The authors declare that no competing interests exist.
  2. Tingting Shi

    Beijing Diabetes Institute, Beijing Key Laboratory of Diabetes Research and Care, Beijing Tongren Hospital, Capital Medical University, Beijing, China
    Competing interests
    The authors declare that no competing interests exist.
  3. Chuanhai Zhang

    Department of Physiology, University of Texas Meical Center at Dallas, Dallas, United States
    Competing interests
    The authors declare that no competing interests exist.
    ORCID icon "This ORCID iD identifies the author of this article:" 0000-0001-7644-2436
  4. Wanzhu Jin

    Key Laboratory of Animal Ecology and Conservation Biology, Institute of Zoology, Chinese Academy of Sciences, Beijing, China
    Competing interests
    The authors declare that no competing interests exist.
  5. Lini Song

    Beijing Diabetes Institute, Beijing Key Laboratory of Diabetes Research and Care, Beijing Tongren Hospital, Capital Medical University, Beijing, China
    Competing interests
    The authors declare that no competing interests exist.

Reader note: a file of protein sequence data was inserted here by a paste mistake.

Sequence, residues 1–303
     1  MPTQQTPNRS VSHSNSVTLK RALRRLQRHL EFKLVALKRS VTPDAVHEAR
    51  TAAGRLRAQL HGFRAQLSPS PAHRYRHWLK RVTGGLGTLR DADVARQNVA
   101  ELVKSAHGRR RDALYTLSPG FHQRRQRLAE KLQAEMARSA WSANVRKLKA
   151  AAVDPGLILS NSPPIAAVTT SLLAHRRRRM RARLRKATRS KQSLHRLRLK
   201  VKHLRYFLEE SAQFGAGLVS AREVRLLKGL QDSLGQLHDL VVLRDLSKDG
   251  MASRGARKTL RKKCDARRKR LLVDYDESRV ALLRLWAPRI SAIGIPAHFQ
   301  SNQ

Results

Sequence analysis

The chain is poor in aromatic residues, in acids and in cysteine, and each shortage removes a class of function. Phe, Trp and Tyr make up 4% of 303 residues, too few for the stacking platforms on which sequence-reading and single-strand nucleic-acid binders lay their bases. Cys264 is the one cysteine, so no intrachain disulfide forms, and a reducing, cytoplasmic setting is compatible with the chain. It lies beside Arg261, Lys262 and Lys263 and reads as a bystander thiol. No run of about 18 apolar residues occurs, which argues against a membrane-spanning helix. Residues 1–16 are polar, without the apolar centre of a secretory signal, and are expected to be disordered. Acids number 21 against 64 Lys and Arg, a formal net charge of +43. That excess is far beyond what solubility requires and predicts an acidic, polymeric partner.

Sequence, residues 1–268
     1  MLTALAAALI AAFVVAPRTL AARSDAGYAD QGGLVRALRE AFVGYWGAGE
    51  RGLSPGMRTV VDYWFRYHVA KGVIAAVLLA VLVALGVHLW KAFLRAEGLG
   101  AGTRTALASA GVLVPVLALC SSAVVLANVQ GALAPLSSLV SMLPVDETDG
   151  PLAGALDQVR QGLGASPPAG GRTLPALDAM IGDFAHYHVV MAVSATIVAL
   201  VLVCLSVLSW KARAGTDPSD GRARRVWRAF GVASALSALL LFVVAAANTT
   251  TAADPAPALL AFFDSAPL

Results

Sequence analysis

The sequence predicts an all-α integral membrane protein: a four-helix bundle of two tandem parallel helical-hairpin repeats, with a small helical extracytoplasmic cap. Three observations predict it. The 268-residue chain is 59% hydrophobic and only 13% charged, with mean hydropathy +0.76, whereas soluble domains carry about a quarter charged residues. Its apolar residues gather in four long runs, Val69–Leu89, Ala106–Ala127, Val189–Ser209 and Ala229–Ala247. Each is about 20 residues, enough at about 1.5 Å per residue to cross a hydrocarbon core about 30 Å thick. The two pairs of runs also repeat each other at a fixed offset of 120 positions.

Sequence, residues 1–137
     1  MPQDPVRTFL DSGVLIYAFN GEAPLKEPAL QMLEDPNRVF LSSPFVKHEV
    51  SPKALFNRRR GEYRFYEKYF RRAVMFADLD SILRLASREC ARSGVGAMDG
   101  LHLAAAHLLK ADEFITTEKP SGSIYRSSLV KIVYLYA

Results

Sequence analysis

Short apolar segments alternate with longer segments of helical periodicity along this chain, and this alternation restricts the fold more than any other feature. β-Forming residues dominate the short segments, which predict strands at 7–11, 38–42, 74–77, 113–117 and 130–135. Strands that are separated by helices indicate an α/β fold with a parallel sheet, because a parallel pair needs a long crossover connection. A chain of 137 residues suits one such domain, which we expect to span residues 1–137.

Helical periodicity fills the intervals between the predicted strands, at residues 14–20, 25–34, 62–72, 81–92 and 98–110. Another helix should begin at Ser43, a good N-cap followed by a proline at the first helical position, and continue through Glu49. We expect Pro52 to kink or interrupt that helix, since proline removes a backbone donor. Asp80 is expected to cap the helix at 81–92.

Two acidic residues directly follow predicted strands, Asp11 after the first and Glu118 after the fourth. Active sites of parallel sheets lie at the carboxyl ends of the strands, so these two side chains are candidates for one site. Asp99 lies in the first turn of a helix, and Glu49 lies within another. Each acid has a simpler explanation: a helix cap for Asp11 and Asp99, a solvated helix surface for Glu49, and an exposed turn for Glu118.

6. Yichen Zhang

    Beijing Diabetes Institute, Beijing Key Laboratory of Diabetes Research and Care, Beijing Tongren Hospital, Capital Medical University, Beijing, China
    Competing interests
    The authors declare that no competing interests exist.
  7. Jingyi Liu

    Beijing Diabetes Institute, Beijing Key Laboratory of Diabetes Research and Care, Beijing Tongren Hospital, Capital Medical University, Beijing, China
    Competing interests
    The authors declare that no competing interests exist.
  8. Fangyuan Yang

    Beijing Diabetes Institute, Beijing Key Laboratory of Diabetes Research and Care, Beijing Tongren Hospital, Capital Medical University, Beijing, China
    Competing interests
    The authors declare that no competing interests exist.
  9. Charles N Rotimi

    National Human Genome Research Institute, National Institutes of Health, Bethesda, United States
    Competing interests
    The authors declare that no competing interests exist.
  10. Aimin Xu

    Department of Medicine, University of Hong Kong, Hong Kong, Hong Kong
    Competing interests
    The authors declare that no competing interests exist.
  11. Jinkui Yang

    Beijing Diabetes Institute, Beijing Key Laboratory of Diabetes Research and Care, Beijing Tongren Hospital, Capital Medical University, Beijing, China